(3) Listen to parents and their stories – their experiences with vaccines, and vaccine injury. There’s a massive amount of “anecdotal evidence” that simply cannot be ignored, and the parents who experience this for themselves end up spending countless hours researching vaccines as a result. Search Facebook and YouTube for “#hearthiswell” or “#vaxxed“. There’s also VAERS (adverse events from vaccines) and the VICP (government program) which has paid out over 3.4 billion dollars to the families of the vaccine injured. Read the vaccine package inserts and see what known adverse events have been reported following vaccination – by the manufacturers themselves.
(4) Listen to doctors, immunologists, neuroscientists, naturopaths – all kinds of medical specialists who realized that what they didn’t learn about vaccines in medical school was of serious consequence:
- Dr. Russel Blaylock
- Dr. Tetyana Obukhanych
- Dr. Stephanie Seneff
- Dr. Larry Palevsky
- Dr. Raymond Obomsawin
- Dr. Lucija Tomlijenovic
- Dr. Suzanne Humphries
- Dr. Nancy Banks
- There are many more…
(6) Learn about why some individuals are more or less susceptible to vaccine injury. (E.g. MTHFR mutations.)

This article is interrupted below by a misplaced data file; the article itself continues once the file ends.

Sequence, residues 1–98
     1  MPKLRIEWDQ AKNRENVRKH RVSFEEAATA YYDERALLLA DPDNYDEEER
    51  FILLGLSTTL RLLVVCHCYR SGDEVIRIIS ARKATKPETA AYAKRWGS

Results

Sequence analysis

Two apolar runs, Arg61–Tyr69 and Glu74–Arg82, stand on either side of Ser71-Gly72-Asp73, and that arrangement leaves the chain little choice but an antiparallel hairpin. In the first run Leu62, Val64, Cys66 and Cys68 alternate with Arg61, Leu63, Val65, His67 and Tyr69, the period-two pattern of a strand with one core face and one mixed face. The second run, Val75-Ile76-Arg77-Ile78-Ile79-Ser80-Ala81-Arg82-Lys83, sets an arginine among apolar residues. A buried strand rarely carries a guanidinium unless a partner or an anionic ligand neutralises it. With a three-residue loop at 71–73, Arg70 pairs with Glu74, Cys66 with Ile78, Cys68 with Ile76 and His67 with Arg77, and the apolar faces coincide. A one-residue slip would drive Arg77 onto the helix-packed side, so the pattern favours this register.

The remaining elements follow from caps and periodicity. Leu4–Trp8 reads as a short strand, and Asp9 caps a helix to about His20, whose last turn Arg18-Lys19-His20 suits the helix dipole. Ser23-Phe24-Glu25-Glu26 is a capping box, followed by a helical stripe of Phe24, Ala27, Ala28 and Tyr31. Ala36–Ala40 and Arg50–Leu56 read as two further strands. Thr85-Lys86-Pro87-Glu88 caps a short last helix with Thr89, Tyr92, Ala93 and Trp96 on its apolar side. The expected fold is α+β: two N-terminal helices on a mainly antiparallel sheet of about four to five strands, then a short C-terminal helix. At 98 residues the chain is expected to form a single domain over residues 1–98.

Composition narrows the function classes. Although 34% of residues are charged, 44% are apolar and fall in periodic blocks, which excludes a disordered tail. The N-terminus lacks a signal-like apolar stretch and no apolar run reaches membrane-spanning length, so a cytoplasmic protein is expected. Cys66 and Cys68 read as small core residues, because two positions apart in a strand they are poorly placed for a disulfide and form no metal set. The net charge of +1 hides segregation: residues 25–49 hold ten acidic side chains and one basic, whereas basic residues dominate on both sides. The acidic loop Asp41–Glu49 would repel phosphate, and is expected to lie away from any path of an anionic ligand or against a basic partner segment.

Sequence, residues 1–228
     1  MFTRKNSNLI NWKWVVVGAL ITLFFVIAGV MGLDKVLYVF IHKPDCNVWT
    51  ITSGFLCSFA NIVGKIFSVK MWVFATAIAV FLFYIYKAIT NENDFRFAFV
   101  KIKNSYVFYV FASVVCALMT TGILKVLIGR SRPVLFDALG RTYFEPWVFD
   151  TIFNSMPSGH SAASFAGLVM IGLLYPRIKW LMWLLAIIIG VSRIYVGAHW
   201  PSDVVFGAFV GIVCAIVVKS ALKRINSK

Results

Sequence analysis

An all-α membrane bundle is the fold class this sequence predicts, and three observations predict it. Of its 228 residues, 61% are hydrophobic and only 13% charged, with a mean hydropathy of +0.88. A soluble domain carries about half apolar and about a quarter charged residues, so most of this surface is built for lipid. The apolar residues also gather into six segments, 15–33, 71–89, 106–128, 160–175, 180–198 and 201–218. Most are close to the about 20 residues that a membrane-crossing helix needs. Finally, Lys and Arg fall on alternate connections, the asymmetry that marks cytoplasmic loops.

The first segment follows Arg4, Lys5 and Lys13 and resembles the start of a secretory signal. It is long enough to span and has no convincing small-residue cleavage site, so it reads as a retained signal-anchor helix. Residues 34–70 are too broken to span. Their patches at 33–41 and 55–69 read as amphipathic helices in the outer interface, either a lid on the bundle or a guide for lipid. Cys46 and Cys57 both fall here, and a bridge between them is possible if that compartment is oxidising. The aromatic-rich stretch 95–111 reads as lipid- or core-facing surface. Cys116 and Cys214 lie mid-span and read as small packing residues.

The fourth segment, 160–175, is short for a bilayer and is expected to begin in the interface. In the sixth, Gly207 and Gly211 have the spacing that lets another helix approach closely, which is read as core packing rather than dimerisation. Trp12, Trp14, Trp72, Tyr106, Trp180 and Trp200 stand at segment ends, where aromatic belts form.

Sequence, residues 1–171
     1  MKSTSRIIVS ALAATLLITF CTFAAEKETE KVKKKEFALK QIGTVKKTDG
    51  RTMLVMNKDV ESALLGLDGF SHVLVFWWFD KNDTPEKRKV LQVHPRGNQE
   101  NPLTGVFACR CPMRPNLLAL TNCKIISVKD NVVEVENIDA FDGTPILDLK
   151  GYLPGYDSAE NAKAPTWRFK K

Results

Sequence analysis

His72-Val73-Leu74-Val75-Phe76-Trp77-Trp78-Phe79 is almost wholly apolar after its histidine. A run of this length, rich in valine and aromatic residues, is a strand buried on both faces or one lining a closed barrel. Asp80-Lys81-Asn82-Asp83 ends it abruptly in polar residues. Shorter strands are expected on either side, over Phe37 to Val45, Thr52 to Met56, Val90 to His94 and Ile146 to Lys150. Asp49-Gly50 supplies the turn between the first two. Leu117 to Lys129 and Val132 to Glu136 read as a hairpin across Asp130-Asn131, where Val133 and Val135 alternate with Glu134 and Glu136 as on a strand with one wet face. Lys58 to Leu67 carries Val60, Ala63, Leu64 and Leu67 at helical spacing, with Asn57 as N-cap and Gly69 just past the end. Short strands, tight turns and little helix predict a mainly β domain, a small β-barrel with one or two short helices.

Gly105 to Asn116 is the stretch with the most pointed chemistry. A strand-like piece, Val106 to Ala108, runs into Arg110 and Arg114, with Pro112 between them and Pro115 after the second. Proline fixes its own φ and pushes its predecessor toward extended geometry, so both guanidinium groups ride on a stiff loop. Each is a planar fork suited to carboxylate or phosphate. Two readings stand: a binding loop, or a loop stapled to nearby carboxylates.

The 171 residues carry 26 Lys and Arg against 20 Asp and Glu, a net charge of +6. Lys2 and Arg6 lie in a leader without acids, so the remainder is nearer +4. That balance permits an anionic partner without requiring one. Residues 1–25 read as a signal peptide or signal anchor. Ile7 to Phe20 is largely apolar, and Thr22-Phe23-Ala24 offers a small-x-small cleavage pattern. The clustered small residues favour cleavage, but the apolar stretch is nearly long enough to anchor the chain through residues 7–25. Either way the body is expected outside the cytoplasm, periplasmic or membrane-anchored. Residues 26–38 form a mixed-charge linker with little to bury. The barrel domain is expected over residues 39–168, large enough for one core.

(7) Watch these documentaries:
- The Greater Good
- Trace Amounts
- Silent Epidemic – The Untold Story of Vaccines (YouTube)
- Vaccination: The Hidden Truth (YouTube)
The information I’ve gained from researching the above is what I’ve found most valuable to me so far. There’s more information on other aspects of the vaccine issue, such as the lack of proper testing of vaccines, the major flaws with the studies performed by the manufacturers, and their lack of liability. There’s the issue of waning protection or having no protection at all (vaccine failure)… There’s post-vaccination viral shedding and asymptomatic transmission, antibodies not indicating immunity, germ theory vs. terrain theory, Th1 and Th2 immune responses, etc. You will come across all of this if you can make it a priority to invest the time.